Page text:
Update! On July 5, Cheryl Sawyer dropped by and clarified her use of de rigueur in the comments and very politely pointed out that I was, in fact, talking out of my ass, for which I apologize. My statements about how stilted the book came across to me still stands, however.
Mark Twain once said that an author should “say what he is proposing to say, not merely come near it,” and as far as a rule of writing goes, that’s a good ‘un to keep in mind. It certainly was what sprang to mind when I attempted to read Cheryl Sawyer’s The Code of Love recently.
Here’s the setup:
In 1810, some English soldier dude escaped from a Mauritian prison, but was betrayed, recaptured and brought back. Now, let’s play “spot the strange word usage” with me in this excerpt, hmmmm?
Only Delphine Delgaish knew who had betrayed him to the legion, and she told just one other person, so no one else knew what to think. Which made a visit to the Garden Prison de rigueur at the earliest opportunity.
That particular use of de rigueur stopped me cold and had me running for my dictionary. It was somehow proper etiquette—in fact, socially necessary—for a genteelly-raised unmarried young woman to visit a dangerous, recently-escaped prisoner of war? WHAT?
De rigueur carries very strong connotations, most of them pertaining to fashion and social etiquette, and any uses outside of these contexts are usually deeply ironic or meant to provide comic contrast (e.g., “Genital torture and ritual humiliation were de rigueur at Abu Ghraib”). In this particular book’s case, visiting a prisoner to find out what exactly had gone wrong was perhaps necessary, perhaps even vital, but unless the visit was an attempt to, I don’t know, ascertain the color of his breeches or inspect the state of his Hessians, nothing about it was by any means de rigueur.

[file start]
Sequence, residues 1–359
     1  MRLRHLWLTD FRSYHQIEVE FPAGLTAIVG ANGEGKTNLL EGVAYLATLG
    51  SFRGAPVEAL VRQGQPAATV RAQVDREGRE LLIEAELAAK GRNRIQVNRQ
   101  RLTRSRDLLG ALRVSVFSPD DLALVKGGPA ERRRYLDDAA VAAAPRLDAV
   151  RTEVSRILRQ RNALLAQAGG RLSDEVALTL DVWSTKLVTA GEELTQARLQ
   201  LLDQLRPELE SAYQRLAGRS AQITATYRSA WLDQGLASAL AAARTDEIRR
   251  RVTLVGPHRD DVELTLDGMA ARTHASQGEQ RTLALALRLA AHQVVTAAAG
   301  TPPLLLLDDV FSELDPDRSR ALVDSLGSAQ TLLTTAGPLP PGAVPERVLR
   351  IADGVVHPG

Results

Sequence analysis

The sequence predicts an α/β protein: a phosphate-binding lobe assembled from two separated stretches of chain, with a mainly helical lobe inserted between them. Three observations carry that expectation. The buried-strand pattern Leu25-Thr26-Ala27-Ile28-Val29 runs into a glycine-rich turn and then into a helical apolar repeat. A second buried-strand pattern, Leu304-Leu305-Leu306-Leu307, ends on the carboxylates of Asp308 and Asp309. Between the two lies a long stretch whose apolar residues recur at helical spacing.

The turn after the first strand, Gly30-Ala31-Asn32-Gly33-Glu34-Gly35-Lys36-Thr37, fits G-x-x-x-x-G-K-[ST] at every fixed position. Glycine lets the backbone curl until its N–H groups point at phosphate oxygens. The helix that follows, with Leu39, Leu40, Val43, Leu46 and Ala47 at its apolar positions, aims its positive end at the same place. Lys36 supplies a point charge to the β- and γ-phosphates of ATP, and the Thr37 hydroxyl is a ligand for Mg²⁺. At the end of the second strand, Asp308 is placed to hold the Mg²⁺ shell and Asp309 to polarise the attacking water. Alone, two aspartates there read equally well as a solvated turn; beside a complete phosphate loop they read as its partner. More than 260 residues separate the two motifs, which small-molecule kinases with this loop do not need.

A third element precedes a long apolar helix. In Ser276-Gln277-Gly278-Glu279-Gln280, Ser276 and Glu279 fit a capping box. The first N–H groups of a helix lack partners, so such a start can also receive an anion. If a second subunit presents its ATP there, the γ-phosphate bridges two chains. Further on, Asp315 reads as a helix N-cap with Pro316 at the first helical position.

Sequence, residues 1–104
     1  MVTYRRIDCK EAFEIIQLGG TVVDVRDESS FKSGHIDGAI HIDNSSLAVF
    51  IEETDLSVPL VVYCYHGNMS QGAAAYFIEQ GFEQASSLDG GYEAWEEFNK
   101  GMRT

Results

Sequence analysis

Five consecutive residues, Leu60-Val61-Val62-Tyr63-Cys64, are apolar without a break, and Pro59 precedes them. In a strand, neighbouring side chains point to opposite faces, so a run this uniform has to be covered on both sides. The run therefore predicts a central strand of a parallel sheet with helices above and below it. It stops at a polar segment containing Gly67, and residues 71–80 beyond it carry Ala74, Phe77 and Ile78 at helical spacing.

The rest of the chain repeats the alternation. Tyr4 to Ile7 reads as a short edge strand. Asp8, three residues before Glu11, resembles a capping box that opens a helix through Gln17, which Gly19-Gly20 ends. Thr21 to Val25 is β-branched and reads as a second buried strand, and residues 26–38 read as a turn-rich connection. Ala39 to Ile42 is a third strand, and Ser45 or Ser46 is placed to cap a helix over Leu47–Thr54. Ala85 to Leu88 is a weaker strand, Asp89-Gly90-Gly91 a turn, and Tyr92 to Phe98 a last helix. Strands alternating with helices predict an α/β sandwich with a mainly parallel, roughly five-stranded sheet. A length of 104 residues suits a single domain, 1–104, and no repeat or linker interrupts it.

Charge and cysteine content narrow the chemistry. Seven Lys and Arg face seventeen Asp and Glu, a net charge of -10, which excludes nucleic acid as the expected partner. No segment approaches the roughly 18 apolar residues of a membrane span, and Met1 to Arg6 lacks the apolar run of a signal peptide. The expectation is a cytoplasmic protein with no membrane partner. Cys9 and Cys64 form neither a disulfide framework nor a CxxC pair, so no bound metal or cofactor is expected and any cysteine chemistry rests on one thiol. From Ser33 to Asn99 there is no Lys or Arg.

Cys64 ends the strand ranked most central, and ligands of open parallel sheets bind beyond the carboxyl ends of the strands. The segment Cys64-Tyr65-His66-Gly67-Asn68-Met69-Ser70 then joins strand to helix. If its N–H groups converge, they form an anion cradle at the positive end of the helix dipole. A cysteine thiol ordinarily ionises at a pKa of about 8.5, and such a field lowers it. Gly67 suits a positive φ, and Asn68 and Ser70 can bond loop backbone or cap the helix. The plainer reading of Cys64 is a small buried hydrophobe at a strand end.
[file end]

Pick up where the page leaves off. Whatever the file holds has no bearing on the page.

The use of this phrase made the book come across as trying too damn hard—an impression that was sustained across what bits of the book I managed to read. It wasn’t necessarily F-grade bad, or even D-grade bad, but it was tedious as hell, and made for a very stilted read. After ramming through a few more pages, I decided to give up on it. For the bits I managed to read, I’d give it a D+. It may have improved later, but I honestly didn’t want to wade through the rest of it. It made me a very sad panda, because it seemed like such a waste of an interesting premise.